by Patrick Appel
Among other reasons:
If Mubarak stays on until September -- even as a figurehead (and listening to Sulayman today it sounded as if that is what the Egyptian president has become) -- the regime can carefully manage the process. If Mubarak leaves early -- as the U.S. and the opposition demands --things become messier.
According to the constitution, if the President steps down, he is not succeeded by the Vice President. That's right -- if Mubarak resigns and gets on an airplane tonight, Omar Sulayman, who seems to be in effect acting president at the moment, would not take his place.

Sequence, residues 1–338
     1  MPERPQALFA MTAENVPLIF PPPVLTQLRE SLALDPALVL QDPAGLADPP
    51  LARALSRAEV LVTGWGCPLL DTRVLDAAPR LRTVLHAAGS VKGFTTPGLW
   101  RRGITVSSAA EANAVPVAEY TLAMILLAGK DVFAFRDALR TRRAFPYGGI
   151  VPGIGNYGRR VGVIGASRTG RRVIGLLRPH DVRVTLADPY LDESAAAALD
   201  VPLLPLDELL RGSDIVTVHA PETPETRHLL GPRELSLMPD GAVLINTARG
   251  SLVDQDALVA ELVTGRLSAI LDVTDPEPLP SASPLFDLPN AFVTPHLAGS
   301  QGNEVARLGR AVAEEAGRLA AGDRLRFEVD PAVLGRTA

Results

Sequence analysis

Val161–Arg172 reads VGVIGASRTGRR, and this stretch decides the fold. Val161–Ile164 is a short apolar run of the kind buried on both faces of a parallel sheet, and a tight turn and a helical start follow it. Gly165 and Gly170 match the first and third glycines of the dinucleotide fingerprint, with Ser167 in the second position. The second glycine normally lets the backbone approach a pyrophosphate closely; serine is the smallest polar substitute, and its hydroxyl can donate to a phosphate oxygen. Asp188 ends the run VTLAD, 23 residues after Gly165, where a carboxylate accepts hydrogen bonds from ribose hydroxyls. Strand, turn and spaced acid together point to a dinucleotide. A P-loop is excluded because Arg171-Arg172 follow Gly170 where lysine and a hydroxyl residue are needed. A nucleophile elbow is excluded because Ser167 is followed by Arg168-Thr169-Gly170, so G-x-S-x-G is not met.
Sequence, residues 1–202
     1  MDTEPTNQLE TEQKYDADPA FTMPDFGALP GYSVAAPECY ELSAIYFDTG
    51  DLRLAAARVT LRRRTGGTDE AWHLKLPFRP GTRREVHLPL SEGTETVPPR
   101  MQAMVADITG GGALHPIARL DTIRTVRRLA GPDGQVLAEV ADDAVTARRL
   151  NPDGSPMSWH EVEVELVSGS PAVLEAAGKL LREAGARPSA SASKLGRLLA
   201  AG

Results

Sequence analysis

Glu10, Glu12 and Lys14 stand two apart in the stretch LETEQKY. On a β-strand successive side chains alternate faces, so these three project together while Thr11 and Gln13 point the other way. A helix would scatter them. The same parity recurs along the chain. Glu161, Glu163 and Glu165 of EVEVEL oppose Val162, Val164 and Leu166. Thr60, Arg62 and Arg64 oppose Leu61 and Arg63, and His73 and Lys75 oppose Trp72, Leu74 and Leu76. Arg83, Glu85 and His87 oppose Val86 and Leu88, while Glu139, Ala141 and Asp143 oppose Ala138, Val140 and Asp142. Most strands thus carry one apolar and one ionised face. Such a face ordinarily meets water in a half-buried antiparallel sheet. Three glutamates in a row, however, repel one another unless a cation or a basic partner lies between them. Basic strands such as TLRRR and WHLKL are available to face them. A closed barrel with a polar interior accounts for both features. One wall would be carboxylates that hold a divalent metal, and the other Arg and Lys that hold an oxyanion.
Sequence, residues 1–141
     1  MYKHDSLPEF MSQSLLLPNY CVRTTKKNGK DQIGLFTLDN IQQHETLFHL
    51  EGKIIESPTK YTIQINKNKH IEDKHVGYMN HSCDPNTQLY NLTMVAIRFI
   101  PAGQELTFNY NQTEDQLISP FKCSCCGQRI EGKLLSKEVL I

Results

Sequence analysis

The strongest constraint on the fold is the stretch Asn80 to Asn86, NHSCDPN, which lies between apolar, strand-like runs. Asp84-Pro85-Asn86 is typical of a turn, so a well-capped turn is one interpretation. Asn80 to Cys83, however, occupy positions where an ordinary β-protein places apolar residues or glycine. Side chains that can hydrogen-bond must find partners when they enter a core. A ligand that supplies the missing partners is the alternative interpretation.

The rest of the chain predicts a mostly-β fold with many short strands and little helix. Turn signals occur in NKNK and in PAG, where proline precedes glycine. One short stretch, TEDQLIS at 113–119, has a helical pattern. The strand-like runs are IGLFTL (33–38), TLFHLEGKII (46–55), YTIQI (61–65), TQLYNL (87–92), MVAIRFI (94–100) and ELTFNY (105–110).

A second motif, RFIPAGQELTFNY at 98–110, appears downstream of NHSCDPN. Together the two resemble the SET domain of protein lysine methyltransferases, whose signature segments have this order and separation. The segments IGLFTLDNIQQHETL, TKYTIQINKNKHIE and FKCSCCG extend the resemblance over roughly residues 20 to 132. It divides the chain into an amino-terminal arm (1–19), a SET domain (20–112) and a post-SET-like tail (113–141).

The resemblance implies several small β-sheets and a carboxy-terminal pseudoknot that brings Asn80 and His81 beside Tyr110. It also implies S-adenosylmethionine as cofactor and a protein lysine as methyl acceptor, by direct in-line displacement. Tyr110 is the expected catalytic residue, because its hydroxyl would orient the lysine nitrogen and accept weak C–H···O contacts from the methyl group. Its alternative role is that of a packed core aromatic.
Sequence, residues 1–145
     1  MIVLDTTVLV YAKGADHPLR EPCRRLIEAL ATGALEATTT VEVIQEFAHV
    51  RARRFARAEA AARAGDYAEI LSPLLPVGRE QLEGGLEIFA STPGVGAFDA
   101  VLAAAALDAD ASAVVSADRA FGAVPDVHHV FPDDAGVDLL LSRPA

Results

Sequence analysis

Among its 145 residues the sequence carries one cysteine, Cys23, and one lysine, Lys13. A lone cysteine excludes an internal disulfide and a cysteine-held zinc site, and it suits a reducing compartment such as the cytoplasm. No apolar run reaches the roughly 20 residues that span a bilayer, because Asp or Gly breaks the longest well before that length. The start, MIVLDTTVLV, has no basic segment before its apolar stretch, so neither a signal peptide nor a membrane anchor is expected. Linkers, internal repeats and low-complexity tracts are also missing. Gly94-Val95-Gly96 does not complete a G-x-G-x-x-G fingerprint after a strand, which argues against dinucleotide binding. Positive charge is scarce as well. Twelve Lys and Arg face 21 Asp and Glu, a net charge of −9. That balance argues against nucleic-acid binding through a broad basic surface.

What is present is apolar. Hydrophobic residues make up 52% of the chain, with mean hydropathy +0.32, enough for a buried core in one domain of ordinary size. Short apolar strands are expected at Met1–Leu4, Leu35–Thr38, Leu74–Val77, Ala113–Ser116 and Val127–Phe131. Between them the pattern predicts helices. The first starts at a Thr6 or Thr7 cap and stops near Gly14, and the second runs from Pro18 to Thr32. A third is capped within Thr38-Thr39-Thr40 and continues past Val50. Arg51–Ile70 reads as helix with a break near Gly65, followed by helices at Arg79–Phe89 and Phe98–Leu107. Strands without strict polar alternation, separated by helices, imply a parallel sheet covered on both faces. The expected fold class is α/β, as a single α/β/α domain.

Instead, the post would be filled by Fathi Surur, the speaker of the People's Assembly. Surur is a former law professor and a reliable regime stalwart. He is not from the military or the security apparatus and is widely regarded as a figure whose job has been to manage the parliament for the regime. And he has done so effectively. His presidency would delight nobody. (Some elements of the opposition have suggested that Surur should be pressed to turn down the post, in which case the job falls to the chief justice of the Constitutional Court. His profile is much lower than Surur but his career would inspire no more confidence.)
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